How to Drink in the Clink


With one of the highest incarceration rates in the world, our American readers are more likely than most to spend some time in jail at some point in their lives. Given the fact that two-thirds of Americans drink, and consuming alcohol is strictly verboten in American jails, getting schnockered while you're doing time presents unique challenges. Furthermore, wardens have started to catch on that it's pretty easy to ferment the sugars in fresh fruit, and in some California prisons, fresh fruit has been banned outright -- but there are other ways to make Pruno, or prison wine, and darned if our creative inmates won't find a way somehow.

According to Jim Hogshire's handy instruction manual You Are Going to Prison, this is how you make Pruno:

Prison hooch can be made in your cell toilet (as long as you don't mind using other people's toilets or finding some other solution), or more often, in plastic trash bags. The recipe is simple: make a strong bag by double or triple-bagging some plastic trash bags and knotting the bottoms. Into this, pour warm water, some fruit or fruit juice, raisins or tomatoes, yeast, and as much sugar as you can get ahold of (or powdered drink mix). Now tie off the top of the bag, letting a tube of some kind protrude so the thing won't explode while it gives off carbon dioxide. Now hide the bag somewhere and wait at least three days. A week is enough. One of the problems you have right away with making wine in prison is the difficulty getting yeast. It's a strictly forbidden item and you might not be able to get any. In this case you can improvise the by using slices of bread, preferably moldy (but not dry) and preferably inside a sock for easier straining. If you choose to brew your wine in your cell, you'll need to hide it behind your bunk and do what you can to hide the smell. Burning cinnamon as incense is one way. Spraying deodorant around is another. Normal wine takes at least a month if not six weeks to make at all properly -- but in hell, this is all you get.

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As vile as Pruno can taste (Steve indelicately describes its scent as "rotten eggs tucked into the anus of a dead cat"), it doesn't rank much higher than other "street" or "bum" wines like Thunderbird, Night Train or "Mad Dog" 20/20, notable for their high alcohol content (18-20%), low cost and their availability in prodigious quantities (and in plastic shatterproof bottles). They became popular during the Great Depression, when folks had plenty of troubles to drink away but not much money. The American Wine Guide describes their rise:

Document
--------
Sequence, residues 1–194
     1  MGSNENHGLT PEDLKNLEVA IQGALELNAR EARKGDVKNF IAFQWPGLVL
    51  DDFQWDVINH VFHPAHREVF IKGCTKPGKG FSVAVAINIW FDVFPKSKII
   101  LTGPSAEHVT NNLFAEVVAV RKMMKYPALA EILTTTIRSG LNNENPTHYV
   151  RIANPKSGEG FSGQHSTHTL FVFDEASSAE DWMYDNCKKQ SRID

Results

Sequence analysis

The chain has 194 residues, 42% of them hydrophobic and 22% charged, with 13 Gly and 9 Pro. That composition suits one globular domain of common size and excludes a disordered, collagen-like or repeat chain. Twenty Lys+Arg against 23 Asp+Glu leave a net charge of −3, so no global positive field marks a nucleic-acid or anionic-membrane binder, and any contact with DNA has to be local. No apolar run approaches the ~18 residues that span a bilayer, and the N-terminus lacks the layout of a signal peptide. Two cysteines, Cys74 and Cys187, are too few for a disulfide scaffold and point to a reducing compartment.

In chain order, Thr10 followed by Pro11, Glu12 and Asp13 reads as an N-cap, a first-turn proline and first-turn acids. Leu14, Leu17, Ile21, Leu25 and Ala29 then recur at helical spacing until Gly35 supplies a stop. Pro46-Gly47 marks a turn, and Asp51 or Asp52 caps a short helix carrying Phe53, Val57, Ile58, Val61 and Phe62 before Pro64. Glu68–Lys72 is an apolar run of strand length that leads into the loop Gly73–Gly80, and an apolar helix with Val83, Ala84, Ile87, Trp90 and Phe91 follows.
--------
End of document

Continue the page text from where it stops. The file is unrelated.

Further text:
Prohibition produced the Roaring Twenties and fostered more beer and distilled-spirit drinkers than wine drinkers, because the raw materials were easier to come by. But fortified wine, or medicinal wine tonic—-containing about 20 percent alcohol, which made it more like a distilled spirit than regular wine--was still available and became America's number one wine. Thunderbird and Wild Irish Rose, to name two examples, are fortified wines. American wine was soon more popular for its effect than its taste; in fact, the word wino came into use during the Depression to describe those unfortunate souls who turned to fortified wine to forget their troubles.

For years, these brands tried mightily to shake their lousy reputations, hiring people like James Mason to shill for them. It has an "unusual flavor," he claims. I'm sure he's telling the truth.

But what's that old saying about lipstick on a pig? Even an opera star can't make me excited about Gallo:

Eventually, brands like Thunderbird settled on marketing to an "urban" market, and that's where their focus has stayed. Here's a Disco-inspired Thunderbird spot from the 70s: